April 8, 2008
Back in the early 20th century, long before computers or telephones were standard, postcards were like e-mail. The letter carrier stopped by three or four times each day and postcards were cheap, costing a mere penny to mail. You could send a card in the morning to a friend across the city to set up a date that night. It would arrive around noon, and your friend still had time to confirm before dinner.
Businesses learned that postcards were an easy way to advertise, and might print up thousands, says Jerry McCoy, a D.C. deltiologist (postcard enthusiast). Last week at the Smithsonian’s Postal Museum, McCoy, who works at the Washington, D.C. library’s Washingtoniana division, gave a presentation on what he calls “hometown Washington” postcards.
These old cards go beyond Washington’s iconic monuments, and leave a legacy of businesses, shops and restaurants of a bygone era. They “illustrate how much of our city has grown, changed and disappeared over the last century,” he says.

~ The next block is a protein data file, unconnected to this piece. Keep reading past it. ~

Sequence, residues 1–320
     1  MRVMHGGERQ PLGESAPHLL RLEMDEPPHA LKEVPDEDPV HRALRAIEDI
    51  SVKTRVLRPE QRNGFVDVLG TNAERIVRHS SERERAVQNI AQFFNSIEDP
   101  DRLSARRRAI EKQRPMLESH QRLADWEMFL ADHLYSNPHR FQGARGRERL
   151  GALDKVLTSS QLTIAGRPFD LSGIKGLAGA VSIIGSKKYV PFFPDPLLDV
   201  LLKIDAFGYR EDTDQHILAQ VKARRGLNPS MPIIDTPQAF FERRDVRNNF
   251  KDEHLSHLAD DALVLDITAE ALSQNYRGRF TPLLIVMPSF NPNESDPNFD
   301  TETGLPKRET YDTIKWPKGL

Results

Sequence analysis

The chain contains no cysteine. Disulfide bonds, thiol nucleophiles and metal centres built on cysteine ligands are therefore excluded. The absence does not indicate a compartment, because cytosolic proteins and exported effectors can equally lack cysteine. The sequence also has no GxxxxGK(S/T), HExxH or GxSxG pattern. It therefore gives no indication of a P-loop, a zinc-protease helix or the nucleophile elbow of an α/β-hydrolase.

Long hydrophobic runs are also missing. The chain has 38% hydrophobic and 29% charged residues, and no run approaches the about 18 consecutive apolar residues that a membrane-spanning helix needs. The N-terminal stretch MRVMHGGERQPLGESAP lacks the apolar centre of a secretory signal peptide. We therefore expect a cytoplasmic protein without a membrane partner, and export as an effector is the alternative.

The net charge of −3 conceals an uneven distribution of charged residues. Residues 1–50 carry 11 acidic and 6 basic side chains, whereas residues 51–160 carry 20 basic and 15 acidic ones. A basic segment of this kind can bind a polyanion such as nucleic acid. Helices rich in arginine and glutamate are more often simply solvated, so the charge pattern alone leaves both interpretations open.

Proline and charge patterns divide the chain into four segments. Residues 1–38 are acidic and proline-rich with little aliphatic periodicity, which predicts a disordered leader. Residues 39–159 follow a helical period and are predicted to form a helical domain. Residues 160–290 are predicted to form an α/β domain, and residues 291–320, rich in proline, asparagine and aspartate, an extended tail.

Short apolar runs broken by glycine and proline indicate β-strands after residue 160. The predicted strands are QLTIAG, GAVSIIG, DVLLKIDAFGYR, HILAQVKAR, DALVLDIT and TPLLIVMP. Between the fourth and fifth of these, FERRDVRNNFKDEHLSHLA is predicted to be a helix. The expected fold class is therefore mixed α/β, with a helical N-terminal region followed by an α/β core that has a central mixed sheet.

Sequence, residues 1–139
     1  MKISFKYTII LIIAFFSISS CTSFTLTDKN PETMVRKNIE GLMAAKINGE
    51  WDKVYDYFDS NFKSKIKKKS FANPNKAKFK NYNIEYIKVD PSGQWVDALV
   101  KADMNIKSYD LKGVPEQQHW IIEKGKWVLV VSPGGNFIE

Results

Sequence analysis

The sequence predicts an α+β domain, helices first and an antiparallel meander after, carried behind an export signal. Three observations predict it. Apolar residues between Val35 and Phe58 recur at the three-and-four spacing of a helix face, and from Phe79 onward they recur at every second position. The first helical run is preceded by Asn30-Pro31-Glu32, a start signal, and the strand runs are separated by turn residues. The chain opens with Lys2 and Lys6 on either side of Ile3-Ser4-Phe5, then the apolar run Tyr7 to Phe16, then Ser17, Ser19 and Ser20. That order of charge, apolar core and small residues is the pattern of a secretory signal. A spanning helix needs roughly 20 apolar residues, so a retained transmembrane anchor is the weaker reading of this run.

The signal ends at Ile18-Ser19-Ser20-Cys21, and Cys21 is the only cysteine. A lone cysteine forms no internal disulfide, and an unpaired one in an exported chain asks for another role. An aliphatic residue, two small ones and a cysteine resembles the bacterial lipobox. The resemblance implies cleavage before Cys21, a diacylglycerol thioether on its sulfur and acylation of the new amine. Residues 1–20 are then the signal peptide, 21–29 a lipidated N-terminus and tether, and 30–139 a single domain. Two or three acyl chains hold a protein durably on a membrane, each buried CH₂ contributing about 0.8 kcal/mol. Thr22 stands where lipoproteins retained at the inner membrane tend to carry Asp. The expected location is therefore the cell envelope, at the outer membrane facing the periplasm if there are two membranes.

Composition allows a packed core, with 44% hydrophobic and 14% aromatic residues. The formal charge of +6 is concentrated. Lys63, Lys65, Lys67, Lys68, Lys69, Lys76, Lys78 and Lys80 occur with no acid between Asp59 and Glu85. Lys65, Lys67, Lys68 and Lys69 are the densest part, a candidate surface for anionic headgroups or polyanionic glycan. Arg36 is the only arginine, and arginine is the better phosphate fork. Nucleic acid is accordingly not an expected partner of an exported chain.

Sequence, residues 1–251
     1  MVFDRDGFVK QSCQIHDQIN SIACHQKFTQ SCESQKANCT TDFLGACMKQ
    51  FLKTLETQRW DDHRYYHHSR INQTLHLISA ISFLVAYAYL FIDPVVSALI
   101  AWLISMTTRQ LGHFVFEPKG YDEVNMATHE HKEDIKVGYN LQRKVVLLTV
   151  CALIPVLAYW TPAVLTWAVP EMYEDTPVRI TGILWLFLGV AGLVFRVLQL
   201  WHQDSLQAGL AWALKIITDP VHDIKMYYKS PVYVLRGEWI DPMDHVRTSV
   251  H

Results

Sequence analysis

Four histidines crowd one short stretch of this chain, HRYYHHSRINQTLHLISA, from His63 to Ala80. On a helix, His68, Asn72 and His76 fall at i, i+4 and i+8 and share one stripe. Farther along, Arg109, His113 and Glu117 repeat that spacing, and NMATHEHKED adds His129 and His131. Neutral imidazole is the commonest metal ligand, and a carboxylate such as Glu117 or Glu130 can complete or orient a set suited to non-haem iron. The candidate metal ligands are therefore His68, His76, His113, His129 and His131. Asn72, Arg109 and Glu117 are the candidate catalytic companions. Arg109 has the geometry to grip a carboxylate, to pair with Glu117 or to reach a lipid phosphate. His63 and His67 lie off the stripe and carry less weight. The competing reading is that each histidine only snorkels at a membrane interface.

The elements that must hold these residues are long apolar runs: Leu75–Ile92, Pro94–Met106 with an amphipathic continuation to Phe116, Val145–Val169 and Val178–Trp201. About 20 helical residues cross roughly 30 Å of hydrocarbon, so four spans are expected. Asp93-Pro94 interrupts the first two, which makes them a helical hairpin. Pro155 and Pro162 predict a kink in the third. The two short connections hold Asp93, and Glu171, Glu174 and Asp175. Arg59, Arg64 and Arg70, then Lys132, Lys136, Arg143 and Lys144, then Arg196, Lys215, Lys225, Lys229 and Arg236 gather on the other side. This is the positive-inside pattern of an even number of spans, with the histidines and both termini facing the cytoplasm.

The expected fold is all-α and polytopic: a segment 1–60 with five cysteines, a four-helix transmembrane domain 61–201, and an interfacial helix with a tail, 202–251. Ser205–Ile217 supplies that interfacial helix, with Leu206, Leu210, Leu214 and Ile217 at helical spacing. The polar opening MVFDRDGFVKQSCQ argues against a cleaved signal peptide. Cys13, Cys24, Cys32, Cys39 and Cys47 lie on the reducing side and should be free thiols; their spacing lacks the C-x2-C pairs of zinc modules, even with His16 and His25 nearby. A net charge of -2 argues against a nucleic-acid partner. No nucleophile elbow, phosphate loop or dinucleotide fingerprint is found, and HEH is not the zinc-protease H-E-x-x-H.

They’re also important historical documents. “Researchers almost never think of postcards as sources of visual information,” McCoy says. “But often the only place you can find photos of a business is on a postcard.”
For example, check out this postcard from the Casino Royal, a Chinese restaurant and hot night spot in the 1950s. On the back, comedian Cal Claude scribbled a message about his performance there with Nat King Cole in 1955.
McCoy visits the sites of his favorite postcards years later. By the 1980s, the Casino Royal was an adult entertainment theater and was heavily damaged in a 1985 fire.
The “Palais Royal” card, promoting a “dry goods and fancy goods” department store downtown, dates from 1907. McCoy says the original building was demolished in the 1990s, he visited the site to find an office building that copied the arched entrances of the Palais Royal.
McCoy searches eBay every day, easily spending $60 or $70 for a coveted card. But he says deltiology is more than a quirky hobby. “I’m buying history, buying back a piece of hometown D.C.”
(Photos courtesy of Jerry McCoy.)
Sign up for our free email newsletter and receive the best stories from Smithsonian.com each week.